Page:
Donald Ambrose Eubank
Born: July 22, 1949 On This Day
Birth City: Kansas City, Missouri
Father: Dr. Will R. Eubank MD
Mother: Adelaide D. Eubank
faces of Donald (2002 added)
Birth City:

Somehow, Thanksgiving always seems to be a perfect day; the rest of the weekend is often
a different story. The canoers met snow on Bryant Creek, above, in 1974

"When people see my
pictures from the trip, they
think all we do is eat"

River Trip

Text and photographs
by Nancy Jack

While most Americans are finishing the pumpkin pie and watching football, the Ozark Wilderness Waterways Club is setting up for an alfresco dinner.

While millions of Americans gather to observe Thanksgiving in some snug haven, one Kansas City-based~ group will spend the holiday weekend as usual, canoeing an Ozark stream.

For the 20th consecutive year, members of the Ozark Wilderness Waterways Club will have a traditional Thanksgiving dinner alfresco while camped along a river. To veterans of these trips, it isn't a "different" way to spend Thanksgiving; it's the only way. Youngsters such as the children of O.W.W.C. President and Mrs. George M. Chase can't remember the last time they went to Grandma's for Thanksgiving, but they've been "over the river and through the woods" quite a lot.

Thanksgiving dinner on the river is by reservation, everyone takes a pre-assigned food contribution. One frequent lament is, "When people see my pictures from the trip, they think all we do is eat." Not so, of.course, despite photographic evidence.

Often enough to be encouraging, Thanksgiving day itself has been warm and sunny. The rest of the long weekend can be - and usually is -- considerably different. People who go on Thanksgiving and other "off season" trips aren't hopeless masochists, but they are experienced canoeists and campers with adequate winter gear.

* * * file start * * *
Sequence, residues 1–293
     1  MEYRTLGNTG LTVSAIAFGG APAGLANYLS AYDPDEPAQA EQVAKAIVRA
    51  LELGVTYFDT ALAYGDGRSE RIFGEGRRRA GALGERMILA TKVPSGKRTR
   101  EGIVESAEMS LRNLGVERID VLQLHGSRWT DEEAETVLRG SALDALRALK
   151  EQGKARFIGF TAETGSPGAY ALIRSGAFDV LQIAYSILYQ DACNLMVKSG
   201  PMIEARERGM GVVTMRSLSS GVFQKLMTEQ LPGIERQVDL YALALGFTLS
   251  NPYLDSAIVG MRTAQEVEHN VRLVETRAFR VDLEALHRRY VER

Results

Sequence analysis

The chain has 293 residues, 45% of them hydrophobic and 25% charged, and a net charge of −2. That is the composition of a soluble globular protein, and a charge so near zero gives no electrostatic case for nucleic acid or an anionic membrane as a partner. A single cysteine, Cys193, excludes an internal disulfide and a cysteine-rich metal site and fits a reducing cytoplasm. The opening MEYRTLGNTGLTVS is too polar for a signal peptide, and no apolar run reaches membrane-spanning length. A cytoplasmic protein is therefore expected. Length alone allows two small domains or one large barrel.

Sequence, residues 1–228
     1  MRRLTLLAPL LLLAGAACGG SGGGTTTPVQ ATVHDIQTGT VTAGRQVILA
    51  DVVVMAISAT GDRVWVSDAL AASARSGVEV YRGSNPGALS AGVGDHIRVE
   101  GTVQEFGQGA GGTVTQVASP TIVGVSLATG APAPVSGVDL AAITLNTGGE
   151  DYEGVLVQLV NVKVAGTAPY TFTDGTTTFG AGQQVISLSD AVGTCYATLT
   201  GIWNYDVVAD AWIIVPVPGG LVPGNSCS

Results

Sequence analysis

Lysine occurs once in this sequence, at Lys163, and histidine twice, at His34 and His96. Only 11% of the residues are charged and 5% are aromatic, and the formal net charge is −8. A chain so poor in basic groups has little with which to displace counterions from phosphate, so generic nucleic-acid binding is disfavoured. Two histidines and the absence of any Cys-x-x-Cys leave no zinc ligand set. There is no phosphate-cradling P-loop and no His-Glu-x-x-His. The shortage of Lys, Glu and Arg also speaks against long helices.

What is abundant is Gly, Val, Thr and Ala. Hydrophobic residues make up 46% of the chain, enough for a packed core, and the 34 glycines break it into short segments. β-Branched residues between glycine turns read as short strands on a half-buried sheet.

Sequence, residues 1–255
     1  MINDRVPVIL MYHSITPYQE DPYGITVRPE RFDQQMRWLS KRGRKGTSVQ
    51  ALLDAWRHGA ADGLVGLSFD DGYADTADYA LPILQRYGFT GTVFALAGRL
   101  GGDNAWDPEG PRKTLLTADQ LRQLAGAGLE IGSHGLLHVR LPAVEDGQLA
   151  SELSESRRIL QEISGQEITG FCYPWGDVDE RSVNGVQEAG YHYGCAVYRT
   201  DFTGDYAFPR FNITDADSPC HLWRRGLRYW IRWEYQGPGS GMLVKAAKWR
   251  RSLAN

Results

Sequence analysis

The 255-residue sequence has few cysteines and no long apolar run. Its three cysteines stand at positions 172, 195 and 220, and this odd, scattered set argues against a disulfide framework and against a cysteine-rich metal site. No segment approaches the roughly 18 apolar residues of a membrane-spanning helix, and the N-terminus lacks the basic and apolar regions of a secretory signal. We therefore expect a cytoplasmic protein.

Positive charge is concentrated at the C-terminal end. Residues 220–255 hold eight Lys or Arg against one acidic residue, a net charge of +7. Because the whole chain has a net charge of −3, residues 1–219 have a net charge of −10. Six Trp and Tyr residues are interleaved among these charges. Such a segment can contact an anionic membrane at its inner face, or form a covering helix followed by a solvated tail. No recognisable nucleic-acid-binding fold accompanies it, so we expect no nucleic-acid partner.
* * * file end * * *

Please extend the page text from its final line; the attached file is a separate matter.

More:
In the past, this canoeing and conservation group has experienced high water, low water, rain, sleet, hail, snow, ice, bitter cold and tornadic winds as well as some perfectly gorgeous weather and water conditions, sometimes on the same weekend. Except for a few years on the Buffalo River in Arkansas and a couple of shorter trips on the Niangua, the Thanksgiving trip has been on the North Fork of the White, as it is scheduled for this year.


It might look informal, but dinner is by reservation only-everyone brings a pre-assigned contribution to the feast.

Why, you might wonder, would otherwise normal men, women and children forsake a comtfortable home in favor of camping and canoeing in the cold?

Well, serenity returns to the rivers after the summer crowds and biting insects call it a season. There is beauty in the generally drab winter woods. You just have to look for it a little harder, especially when sleet is pinging against your eyeballs. In an over-civilized and plastic-wrapped world, it is nice to know that you can cope with adversity and a few minor discomforts at least as well as your ancestors did. If they had perished, where would you be today?

But the soul still soars on the wings of a distant eagle or at the sight of a flock of wild turkeys flying over the river ahead of you, when rainbows follow a storm, when morning mists silverplate the world, and when you've shared these experiences around good campfires with great companions. That's living.

The Kansas City Star Magazine     November 21, 1976


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April 23, 2000